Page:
Reviews

Oceans Review ⏤ Into the deep

Oceans is the spiritual sequel to Northstar’s hit Evolution series. The Evolution core mechanics of creating quirky creatures, evolving them, and competing for food is still what makes the game run but Oceans takes many of the ideas from Evolution, streamlines them, and moves the theme to the unexplored depths of the oceans and the strange creatures found there.

When you open Oceans for the first time, you are treated to a stack of punchboards with hundreds of charming fish of various colors. After you’ve gotten your fill of colorful cardboard fish, you get to the meat (or fish) of the game. 120 cards consisting of 12 different species traits and an additional 89 Deep mutation cards, all of which are unique, make up the bulk of the game. Additionally, each player gets a screen or bag for hiding their collected fish depending on the version of the game you have. The 3D ocean and reef trays constructed in the middle of the table have a nice table presence and contain the components nicely while playing.

A game of Oceans sees each player creating, evolving, and ageing unique combinations of underwater creatures until the Oceans are literally emptied of food. You can create dangerous predators that feed on other species, symbiotic parasites that benefit from other species growing, massive whales that scoop up handfuls of fish at once, or any combination you can imagine. Toss in some powerful Deep cards and you can create some truly outlandish creatures.

On a player’s turn, they can play 2 (or more depending on modifiers) cards from their hand. They can add to an existing species, modifying it’s abilities, or create an entirely new species. They can also play cards to migrate fish from one section of the reef to another. The player’s species then activate and take fish from their neighbors, from the reef, or from another species of their choosing depending on their abilities. At the end of your turn, your species age by removing fish tokens from their population tracks. The fish you remove are your points at the end of the game. Any species that could not age goes extinct and is removed (discarded). This continues until the reef runs out of fish. At that point, the players count all of their collected fish and whoever has the most is the winner!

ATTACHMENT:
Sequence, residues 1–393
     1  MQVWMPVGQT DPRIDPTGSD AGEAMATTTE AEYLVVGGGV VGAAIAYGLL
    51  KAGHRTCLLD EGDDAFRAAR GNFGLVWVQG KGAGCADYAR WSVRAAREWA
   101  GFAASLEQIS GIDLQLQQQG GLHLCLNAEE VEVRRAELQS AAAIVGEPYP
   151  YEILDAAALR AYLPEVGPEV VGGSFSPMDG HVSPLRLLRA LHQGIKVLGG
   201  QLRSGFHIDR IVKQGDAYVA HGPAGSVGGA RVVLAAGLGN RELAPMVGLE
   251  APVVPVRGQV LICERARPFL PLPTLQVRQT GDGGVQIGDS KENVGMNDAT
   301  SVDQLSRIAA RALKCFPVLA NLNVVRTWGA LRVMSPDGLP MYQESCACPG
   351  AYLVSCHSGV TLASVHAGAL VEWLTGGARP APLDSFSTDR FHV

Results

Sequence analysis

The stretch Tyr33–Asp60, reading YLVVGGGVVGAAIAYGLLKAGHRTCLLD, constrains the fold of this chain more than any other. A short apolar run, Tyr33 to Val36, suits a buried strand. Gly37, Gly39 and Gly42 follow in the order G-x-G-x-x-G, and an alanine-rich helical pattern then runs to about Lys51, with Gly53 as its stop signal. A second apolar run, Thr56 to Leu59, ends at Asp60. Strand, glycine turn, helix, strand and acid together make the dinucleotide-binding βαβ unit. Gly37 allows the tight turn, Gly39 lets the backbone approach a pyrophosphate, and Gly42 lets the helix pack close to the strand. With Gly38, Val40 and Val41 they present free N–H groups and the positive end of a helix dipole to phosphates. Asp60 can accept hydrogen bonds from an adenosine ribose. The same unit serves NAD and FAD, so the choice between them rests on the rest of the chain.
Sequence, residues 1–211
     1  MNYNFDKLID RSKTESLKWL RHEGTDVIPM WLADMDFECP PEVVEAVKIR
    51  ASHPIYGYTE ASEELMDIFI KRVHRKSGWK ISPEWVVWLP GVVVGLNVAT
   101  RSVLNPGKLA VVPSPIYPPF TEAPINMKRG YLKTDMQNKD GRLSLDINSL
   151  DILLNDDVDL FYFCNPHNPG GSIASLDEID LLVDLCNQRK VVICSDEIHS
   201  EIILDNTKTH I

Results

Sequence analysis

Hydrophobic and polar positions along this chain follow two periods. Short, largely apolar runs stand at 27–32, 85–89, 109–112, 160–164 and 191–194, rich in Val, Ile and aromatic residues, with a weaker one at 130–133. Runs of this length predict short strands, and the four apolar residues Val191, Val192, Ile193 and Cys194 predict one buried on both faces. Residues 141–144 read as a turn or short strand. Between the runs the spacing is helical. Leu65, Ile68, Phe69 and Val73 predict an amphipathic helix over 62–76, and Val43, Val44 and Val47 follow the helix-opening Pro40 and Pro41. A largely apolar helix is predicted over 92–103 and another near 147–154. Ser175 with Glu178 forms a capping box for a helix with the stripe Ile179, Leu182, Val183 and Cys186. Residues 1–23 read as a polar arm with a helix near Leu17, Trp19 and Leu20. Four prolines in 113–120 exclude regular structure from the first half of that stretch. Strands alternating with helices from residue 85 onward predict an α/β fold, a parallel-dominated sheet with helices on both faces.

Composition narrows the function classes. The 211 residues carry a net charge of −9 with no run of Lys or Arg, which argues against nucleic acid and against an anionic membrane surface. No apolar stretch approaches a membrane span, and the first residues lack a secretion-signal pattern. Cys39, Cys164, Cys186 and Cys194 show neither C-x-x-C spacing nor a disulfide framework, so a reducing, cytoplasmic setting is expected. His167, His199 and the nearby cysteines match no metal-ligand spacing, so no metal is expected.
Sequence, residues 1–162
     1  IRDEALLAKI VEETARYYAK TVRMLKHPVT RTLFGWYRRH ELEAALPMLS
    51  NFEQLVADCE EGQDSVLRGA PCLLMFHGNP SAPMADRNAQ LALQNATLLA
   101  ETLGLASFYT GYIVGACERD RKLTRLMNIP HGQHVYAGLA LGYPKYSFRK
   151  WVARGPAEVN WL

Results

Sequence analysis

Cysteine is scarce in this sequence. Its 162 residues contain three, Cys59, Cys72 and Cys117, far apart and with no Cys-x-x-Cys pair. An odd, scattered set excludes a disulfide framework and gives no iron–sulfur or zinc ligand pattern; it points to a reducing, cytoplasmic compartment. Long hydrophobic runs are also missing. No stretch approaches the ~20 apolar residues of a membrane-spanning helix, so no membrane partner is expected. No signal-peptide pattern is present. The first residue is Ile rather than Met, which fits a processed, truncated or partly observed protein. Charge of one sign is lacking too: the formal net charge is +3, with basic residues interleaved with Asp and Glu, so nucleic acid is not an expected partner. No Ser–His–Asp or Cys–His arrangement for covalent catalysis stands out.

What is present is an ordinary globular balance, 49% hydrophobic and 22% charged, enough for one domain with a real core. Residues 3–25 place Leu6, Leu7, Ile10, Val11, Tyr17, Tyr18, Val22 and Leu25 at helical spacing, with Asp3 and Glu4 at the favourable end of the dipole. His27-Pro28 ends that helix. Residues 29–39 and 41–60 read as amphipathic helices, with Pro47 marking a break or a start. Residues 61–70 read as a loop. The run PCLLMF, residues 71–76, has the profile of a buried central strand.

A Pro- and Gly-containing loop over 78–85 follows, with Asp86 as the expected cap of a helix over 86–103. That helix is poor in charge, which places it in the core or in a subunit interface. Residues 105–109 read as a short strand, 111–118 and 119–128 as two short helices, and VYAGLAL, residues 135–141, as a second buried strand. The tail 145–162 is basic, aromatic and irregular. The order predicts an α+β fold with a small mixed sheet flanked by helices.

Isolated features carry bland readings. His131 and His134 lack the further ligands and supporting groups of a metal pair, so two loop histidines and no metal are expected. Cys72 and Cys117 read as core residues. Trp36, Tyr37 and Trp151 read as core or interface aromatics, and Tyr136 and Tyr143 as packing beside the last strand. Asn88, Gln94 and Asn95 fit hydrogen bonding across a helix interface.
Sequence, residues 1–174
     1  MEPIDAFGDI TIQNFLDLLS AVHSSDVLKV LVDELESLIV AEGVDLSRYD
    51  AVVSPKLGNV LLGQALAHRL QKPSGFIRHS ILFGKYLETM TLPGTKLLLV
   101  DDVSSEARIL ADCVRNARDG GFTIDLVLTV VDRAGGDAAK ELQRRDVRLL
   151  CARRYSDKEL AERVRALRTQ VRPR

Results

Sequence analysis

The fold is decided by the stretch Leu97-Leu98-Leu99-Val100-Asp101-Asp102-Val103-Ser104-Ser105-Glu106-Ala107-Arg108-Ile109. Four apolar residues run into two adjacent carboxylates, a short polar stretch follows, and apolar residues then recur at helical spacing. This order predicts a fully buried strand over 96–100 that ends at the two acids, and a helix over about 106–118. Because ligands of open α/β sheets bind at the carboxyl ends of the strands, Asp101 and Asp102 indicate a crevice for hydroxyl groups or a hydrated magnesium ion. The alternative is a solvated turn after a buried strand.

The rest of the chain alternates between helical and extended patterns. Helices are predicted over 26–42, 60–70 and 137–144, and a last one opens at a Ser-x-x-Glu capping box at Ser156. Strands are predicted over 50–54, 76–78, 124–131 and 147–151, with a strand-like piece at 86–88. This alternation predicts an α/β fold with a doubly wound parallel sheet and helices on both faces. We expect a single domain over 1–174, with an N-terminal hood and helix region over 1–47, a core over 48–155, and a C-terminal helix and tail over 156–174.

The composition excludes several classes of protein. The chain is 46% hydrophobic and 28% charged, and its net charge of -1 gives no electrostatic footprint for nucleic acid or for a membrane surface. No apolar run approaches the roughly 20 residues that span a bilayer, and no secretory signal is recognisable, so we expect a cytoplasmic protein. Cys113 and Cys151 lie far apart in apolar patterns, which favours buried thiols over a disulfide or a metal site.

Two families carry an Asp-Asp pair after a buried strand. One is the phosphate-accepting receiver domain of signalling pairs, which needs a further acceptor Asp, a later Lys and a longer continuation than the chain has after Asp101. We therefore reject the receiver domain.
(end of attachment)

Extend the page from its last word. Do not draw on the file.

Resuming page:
I have really enjoyed my plays of Oceans. The turns are fast and the interaction between the player’s species keeps everyone interested and engaged even on other players’ turns. The 12 different base species provide tons of possibilities for different combinations to build unique species and pursue different play styles. You can go aggressive with predators, create parasites that benefit from stronger neighbors, create fast species that try to score quickly, or highly defensive species that never get taken off the table. Once you introduce the Deep cards, which are all unique, the truly powerful and weird combos emerge. All of these options really give the players room to develop their own strategies and feel clever when they pull off combos.

The comparisons to Evolution are obvious and the core mechanics are very much the same. Customize species and “feed” them to score points. Oceans has taken that idea and made it a little more streamlined and friendlier. In Oceans you can always see how many fish are in the reef and even have the ability to manipulate how many fish are in each section so you never have to really worry about not being able to get fish, unlike Evolution where the food added to the pool each round might not be enough for everyone. In Oceans, you age (score) fish at the END of your turn so you always have an opportunity to try and save your species even if another player took all of your fish on their turn. In Evolution, a predator can kill your favorite species and there is nothing you can do about it. Oceans at least gives you a chance to save them. At the end of the day, I enjoy both games. Evolution is a little more random and a little meaner. How much food is going to be available? Will my species survive to be able to eat? Oceans is friendlier and everything you need to know is on the table. If I had to choose one, I’m going with Oceans.

80

Great

Oceans

Review Guidelines

Oceans builds on the Evolution formula and sets itself apart with a theme that everyone can relate to, unique Deep cards that add to the endless possibility of combos, and beautiful components.

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